With some alternate identities, an elaborate backstory is unnecessary. "Hickory dickory dock" is one of the most well-known opening lines in the Mother Goose canon, so the Crawdads, proud representatives of Hickory, N.C., decided to capitalize. Their Dickory Docks alternate identity features -- how could it not? -- a baseball bat-wielding mouse running up a clock. The clock, understandably perturbed that a mouse has invaded its personal space, displays the time as 8:28. It's always 828 in Hickory, as that is the city's area code.
Hoosier State Tenderloins (Fort Wayne TinCaps, High-A affiliate of the San Diego Padres)
The pork tenderloin sandwich, featuring a thin, breaded cutlet far too large for any bun to contain, is beloved throughout the Midwest but originated in the Fort Wayne area. The TinCaps believe it should be Indiana's state sandwich, and therefore came out in full-throated support for a State Senate Bill that would do just that. That official recognition hasn't yet occurred, but the team raised awareness for this most important issue by playing as the Hoosier State Tenderloins four times this season.
Hudson Valley Cider Donuts (Hudson Valley Renegades, High-A affiliate of the New York Yankees)
The Renegades are the Hudson Valley's boys of summer, but when they play as the Cider Donuts they become the boys of autumn. Cider donuts are a staple in this bucolic part of New York State, traditionally complemented with a hot drink and views of beautiful foliage. The Renegades brought these vibes to the ballpark, playing as the Cider Donuts multiple times throughout the season and selling cider donuts at the concession stand at every game. The identity resulted in the creation of a new mascot named Dusty, remains in good spirits despite the fact that someone has taken a bite out of him.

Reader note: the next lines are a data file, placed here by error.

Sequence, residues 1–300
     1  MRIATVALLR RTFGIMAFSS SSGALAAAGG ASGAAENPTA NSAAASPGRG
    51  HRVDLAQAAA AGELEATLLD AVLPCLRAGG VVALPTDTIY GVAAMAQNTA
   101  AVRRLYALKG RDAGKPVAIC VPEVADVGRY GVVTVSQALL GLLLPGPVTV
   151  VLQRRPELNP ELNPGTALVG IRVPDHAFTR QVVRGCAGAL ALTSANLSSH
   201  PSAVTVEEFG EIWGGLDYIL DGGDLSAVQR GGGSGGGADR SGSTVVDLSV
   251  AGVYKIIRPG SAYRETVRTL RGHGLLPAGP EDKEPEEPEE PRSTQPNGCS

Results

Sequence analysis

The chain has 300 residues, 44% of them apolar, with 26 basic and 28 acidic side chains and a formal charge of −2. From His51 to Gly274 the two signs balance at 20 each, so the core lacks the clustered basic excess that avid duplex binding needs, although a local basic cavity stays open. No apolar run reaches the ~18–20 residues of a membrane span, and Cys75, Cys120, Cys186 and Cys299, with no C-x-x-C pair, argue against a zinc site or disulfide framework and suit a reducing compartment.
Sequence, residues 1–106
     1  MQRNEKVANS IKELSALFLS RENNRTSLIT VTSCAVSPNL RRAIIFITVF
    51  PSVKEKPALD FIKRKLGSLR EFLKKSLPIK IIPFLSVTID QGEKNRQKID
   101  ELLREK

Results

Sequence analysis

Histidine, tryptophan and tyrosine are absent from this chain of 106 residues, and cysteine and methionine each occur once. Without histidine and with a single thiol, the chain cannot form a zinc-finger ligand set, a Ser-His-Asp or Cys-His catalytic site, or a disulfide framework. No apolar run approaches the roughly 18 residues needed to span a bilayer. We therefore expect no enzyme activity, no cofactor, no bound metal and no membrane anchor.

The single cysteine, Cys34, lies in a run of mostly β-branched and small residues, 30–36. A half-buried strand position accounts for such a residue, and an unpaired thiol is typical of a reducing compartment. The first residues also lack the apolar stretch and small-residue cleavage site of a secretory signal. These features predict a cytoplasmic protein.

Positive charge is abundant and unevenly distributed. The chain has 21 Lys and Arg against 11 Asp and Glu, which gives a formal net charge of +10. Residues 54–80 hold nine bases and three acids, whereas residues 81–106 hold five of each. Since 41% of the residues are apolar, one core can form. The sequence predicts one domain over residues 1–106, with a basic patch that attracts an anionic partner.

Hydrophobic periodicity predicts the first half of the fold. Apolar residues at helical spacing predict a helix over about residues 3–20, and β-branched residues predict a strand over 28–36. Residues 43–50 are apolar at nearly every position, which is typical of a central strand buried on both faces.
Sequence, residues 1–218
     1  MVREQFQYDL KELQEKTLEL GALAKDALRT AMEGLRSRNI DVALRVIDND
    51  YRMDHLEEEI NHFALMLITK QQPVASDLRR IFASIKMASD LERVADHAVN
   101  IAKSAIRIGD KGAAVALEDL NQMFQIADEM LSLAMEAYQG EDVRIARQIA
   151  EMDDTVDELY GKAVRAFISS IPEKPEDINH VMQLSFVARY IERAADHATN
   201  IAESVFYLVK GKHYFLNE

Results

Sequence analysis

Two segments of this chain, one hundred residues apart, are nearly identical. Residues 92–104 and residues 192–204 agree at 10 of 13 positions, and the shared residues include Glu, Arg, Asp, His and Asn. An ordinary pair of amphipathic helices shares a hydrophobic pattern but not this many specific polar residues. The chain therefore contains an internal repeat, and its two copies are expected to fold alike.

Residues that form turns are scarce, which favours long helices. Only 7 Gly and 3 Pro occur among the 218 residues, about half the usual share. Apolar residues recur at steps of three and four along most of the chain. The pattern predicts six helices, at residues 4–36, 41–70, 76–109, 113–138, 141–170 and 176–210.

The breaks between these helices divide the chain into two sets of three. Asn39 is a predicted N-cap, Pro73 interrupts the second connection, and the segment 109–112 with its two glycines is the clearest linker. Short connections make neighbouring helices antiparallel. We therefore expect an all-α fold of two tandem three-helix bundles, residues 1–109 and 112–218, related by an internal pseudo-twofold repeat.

Norfolk Lumpia (Norfolk Tides, Triple-A affiliate of the Baltimore Orioles)
The Norfolk, Va., region is home to a large Filipino-American population, many of whom emigrated via service in the U.S. military. The Tides made their debut as the Lumpia on April 8, thereby becoming the first Minor League team to adopt a Filipino-themed identity. Lumpia -- a spring roll-like snack stuffed with meat and vegetables and served either deep-fried or fresh -- are sold by local vendors during games in which the Tides assume this appetizing alter-ego.
Springfield Cashew Chickens (Springfield Cardinals, Double-A affiliate of the St. Louis Cardinals)
The Ozark Mountains region might not seem like an area in which to seek out groundbreaking Chinese cuisine, but things are often not what they seem. Sixty years ago in Springfield, Mo., chef David Leong created a cashew chicken dish which remains a local favorite to this day. The dish's popularity inspired the Springfield Cardinals to create their first-ever alternate identity, as they played as the Cashew Chickens several times this season. The team served cashew chicken at the ballpark, calling it a "miraculous combination of perfectly fried chicken, roasted cashews and chopped green onions all in a savory sauce."
Benjamin Hill is a reporter for MiLB.com and writes Ben's Biz Blog. Follow Ben on Twitter @bensbiz.